Post by captain howdy » Thu Feb 21, 2019 8:48 am

Beltane77 wrote:
Tue Feb 19, 2019 5:12 am
No, just playing with Judeo-Christian traditions by writing God and Yahweh without their vowels. Wouldn't want anybody to have to bury a copy of my posts to keep from erasing the name of a deity. ;-)
Welcome aboard Beltrane! captain howdy, one of the staff atheists. I don't think any of the believers here would do something as nit-picky as that. They like arguing religion, we like arguing religion, so we argue religion.

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SEG
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Re: Ep 25, "Guardian Angels" and justice

Post by SEG » Thu Feb 21, 2019 10:16 am

Claire wrote:
Thu Feb 21, 2019 3:46 am
God did not prevent the kidnapping, rape, torture, and murder of Jessica Lunsford caused by John Couley.
No, but a real god that actually works would.
Children who die and haven't actively sinned
How could a child sin? Would you remind a parent that has had a child die that they were going to hell?
Had Jessica died a non-religious adult, it doesn't mean she'd currently be spending eternal life in Hell.
Correct, she would be dead!
Premise One: If a compassionate God exists, then he would do things just as a compassionate person would.
Premise Two: God doesn't do things as a compassionate person would.
Conclusion: Therefore, a compassionate God does not exist.

Claire
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Re: Ep 25, "Guardian Angels" and justice

Post by Claire » Thu Feb 21, 2019 4:23 pm

SEG wrote:
Claire wrote:God did not prevent the kidnapping, rape, torture, and murder of Jessica Lunsford caused by John Couley.
No, but a real god that actually works would.
As I said, if God had prevented it then He would've put disorder into His own ordered thought, by no longer wanting what He had previously wanted: that is free will.
SEG wrote:
Claire wrote:Children who die and haven't actively sinned don't need to visit Purgatory first, so they go immediately to Heaven.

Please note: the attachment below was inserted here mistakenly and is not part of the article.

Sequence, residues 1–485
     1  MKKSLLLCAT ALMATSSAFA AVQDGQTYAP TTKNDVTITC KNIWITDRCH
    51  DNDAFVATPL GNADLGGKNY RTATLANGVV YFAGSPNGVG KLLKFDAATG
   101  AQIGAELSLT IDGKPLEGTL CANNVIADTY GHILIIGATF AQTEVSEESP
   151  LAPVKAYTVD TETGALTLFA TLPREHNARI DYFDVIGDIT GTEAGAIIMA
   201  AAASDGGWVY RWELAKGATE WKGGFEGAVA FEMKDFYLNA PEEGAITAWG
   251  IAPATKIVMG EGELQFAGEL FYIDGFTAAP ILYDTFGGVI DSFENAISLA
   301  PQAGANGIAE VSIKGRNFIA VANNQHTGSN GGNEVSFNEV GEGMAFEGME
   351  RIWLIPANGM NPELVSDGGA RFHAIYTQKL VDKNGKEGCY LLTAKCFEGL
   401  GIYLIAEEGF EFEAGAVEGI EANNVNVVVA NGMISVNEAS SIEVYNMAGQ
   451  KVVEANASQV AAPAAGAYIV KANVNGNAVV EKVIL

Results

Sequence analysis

How could a child sin? Would you remind a parent that has had a child die that they were going to hell?
Babies don't actively sin which is why after physical death they go immediately to Heaven. Older children can be capable of lying, stealing, murdering, etc. But, that doesn't mean after physical death they go immediately to Hell. There's also Purgatory which is a temporary dwelling place where individuals go prior to Heaven.

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SEG
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Re: Ep 25, "Guardian Angels" and justice

Post by SEG » Thu Feb 21, 2019 7:32 pm

Don't forget Valhalla.
Premise One: If a compassionate God exists, then he would do things just as a compassionate person would.
Premise Two: God doesn't do things as a compassionate person would.
Conclusion: Therefore, a compassionate God does not exist.

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SEG
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Re: Ep 25, "Guardian Angels" and justice

Post by SEG » Fri Feb 22, 2019 2:57 am

Claire wrote:
Thu Feb 21, 2019 4:23 pm

As I said, if God had prevented it then He would've put disorder into His own ordered thought, by no longer wanting what He had previously wanted: that is free will.
Omnipotent gods don't want for anything.
Premise One: If a compassionate God exists, then he would do things just as a compassionate person would.
Premise Two: God doesn't do things as a compassionate person would.
Conclusion: Therefore, a compassionate God does not exist.

Humanguy
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Re: Ep 25, "Guardian Angels" and justice

Post by Humanguy » Fri Feb 22, 2019 5:21 am

SEG wrote:
Fri Feb 22, 2019 2:57 am
Claire wrote:
Thu Feb 21, 2019 4:23 pm

As I said, if God had prevented it then He would've put disorder into His own ordered thought, by no longer wanting what He had previously wanted: that is free will.
Omnipotent gods don't want for anything.
That.